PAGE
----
ROUND ROCK, Texas -- Dell says a preliminary tally shows that shareholders have approved a $24.8 billion offer from its founder to buy the company and take it private.
The deal will end Dell's 25-year history as a publicly held company.
Shareholders met at the company's Round Rock offices to vote on CEO Michael Dell’s $25 billion offer Thursday. Shareholders have already met three separate times in recent months. In that time, Dell upped his bid and his main competitor, Carl Icahn, pulled his offer off the table.
Dell and his financial partner, Silver Lake, are offering $13.75 cents per share with a 13-cent dividend. Dell says going private will help the company. It also gives him freedom to restructure the company without getting the approval from shareholders.
“The road to recovery through going private is going to be much easier to achieve,” explained economist Angelos Angelou. “It allows him a lot more flexibility to the business without the public scrutiny.”
Like other PC makers, Round Rock, Texas-based Dell Inc. has been hit hard in recent years by the continued shift away from desktops and laptops and toward tablets and other mobile devices.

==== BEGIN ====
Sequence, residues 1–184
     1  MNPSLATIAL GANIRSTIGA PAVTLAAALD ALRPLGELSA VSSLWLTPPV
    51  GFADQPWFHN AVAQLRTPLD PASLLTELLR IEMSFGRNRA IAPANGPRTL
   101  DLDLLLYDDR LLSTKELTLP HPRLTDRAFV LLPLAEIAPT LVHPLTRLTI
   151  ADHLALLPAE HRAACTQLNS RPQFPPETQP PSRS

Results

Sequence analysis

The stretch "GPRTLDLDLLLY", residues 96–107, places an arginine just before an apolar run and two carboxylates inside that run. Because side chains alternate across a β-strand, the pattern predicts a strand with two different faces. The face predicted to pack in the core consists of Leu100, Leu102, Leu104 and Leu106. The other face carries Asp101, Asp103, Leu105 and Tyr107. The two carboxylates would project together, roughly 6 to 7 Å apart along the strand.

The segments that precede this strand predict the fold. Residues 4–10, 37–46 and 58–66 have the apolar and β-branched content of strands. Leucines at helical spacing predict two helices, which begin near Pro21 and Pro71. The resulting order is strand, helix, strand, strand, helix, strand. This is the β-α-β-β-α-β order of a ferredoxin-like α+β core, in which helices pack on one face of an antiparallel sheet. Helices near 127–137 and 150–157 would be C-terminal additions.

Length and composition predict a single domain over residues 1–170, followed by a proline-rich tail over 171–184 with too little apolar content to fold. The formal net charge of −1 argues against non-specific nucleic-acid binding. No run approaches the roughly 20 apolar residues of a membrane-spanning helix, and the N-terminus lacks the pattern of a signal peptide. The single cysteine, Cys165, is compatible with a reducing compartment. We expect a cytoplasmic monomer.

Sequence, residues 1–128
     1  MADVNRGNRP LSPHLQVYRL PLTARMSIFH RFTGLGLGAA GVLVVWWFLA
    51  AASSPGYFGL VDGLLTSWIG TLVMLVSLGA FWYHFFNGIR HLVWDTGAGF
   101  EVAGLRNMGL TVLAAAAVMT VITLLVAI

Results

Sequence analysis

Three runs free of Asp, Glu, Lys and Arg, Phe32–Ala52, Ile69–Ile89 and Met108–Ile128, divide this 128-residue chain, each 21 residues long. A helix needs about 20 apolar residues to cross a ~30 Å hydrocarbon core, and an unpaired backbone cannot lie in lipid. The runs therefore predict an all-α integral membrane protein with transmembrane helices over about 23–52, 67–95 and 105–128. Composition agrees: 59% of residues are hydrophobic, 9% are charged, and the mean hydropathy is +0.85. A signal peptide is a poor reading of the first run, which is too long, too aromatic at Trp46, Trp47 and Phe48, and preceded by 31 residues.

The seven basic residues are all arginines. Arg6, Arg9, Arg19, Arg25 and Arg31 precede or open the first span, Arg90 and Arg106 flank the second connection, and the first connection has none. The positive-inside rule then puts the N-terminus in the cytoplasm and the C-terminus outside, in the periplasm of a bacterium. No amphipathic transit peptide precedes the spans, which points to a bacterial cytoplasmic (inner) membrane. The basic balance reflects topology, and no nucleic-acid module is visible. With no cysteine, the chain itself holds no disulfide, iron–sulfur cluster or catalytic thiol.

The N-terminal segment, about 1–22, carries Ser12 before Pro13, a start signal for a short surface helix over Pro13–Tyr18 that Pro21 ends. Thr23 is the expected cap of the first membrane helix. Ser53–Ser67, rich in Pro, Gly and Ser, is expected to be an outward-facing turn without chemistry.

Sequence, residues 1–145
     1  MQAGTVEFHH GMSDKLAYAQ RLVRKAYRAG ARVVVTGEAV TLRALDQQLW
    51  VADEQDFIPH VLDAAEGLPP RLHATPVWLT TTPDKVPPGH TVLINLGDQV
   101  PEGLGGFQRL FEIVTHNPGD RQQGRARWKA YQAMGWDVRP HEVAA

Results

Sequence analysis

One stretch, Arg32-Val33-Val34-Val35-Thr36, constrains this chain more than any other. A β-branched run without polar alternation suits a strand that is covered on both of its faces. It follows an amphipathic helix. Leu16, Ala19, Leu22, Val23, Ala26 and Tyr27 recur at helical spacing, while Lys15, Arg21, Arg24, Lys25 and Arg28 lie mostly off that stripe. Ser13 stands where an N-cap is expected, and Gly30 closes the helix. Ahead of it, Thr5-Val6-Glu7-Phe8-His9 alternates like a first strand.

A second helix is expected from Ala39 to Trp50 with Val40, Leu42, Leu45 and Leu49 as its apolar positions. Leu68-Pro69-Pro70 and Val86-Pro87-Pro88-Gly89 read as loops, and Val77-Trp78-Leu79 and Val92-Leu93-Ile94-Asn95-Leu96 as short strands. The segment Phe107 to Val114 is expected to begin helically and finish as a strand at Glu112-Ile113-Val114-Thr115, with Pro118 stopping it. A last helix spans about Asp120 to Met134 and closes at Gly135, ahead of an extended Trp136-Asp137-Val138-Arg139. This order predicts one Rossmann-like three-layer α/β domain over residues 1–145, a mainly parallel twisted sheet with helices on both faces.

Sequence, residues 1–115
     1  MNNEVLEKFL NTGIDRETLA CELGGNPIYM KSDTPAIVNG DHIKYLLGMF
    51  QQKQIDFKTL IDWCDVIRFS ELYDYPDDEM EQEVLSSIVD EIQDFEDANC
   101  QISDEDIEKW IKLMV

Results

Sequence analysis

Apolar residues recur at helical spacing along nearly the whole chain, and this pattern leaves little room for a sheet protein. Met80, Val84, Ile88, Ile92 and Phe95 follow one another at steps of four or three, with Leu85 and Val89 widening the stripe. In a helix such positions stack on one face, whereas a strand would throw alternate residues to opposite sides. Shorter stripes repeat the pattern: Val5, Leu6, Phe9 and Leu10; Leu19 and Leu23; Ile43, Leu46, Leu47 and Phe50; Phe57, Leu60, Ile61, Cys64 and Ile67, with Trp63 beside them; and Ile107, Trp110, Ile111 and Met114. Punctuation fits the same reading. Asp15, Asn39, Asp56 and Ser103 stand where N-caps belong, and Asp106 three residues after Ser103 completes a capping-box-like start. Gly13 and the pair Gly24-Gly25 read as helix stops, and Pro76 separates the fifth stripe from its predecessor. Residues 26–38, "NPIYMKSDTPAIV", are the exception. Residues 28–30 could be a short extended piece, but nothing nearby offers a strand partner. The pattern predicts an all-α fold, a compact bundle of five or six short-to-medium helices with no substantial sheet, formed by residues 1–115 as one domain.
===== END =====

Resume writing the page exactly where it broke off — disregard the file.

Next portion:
Michael Dell, who is making the offer with a group of investors and lenders, has said he can turn the company around, but he says the process will involve a painful realignment that will likely trim its earnings for another year or two. Dell says the turnaround will be easier to pull off away from Wall Street.
Although Icahn pulled his offer, he continued to warn shareholders against Dell’s deal, claiming it undervalues the company.
In the last quarter however, Dell earnings dropped 72 percent.